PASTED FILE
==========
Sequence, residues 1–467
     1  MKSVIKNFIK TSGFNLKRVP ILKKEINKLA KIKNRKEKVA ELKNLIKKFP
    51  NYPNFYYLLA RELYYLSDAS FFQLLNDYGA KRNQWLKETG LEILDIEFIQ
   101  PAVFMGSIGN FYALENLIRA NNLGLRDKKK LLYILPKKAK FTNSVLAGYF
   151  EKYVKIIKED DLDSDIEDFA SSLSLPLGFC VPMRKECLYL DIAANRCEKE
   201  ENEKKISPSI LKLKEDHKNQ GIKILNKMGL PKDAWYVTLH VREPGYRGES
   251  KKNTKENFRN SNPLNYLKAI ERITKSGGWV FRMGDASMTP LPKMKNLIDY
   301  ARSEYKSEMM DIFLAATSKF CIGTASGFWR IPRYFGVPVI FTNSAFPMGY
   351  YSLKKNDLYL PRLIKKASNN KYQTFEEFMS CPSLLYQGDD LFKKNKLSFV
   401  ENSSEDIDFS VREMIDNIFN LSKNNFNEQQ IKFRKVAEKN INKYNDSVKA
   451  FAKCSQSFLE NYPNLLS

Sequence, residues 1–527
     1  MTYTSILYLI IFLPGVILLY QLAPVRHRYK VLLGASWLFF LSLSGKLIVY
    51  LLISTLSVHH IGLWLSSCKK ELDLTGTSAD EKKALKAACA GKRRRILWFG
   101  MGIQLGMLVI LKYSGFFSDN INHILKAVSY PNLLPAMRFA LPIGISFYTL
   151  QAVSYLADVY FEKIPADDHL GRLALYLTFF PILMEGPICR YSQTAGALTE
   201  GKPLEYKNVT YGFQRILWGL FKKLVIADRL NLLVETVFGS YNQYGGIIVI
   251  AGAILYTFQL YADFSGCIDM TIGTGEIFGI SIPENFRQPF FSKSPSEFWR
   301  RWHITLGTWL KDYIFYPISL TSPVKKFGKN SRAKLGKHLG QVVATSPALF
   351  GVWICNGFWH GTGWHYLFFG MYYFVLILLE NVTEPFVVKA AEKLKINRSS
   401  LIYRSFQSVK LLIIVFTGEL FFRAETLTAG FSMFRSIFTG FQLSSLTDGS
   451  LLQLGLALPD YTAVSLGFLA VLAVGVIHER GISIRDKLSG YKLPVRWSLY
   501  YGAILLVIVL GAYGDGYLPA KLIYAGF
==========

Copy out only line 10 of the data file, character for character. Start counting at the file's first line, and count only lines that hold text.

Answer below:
   401  ENSSEDIDFS VREMIDNIFN LSKNNFNEQQ IKFRKVAEKN INKYNDSVKA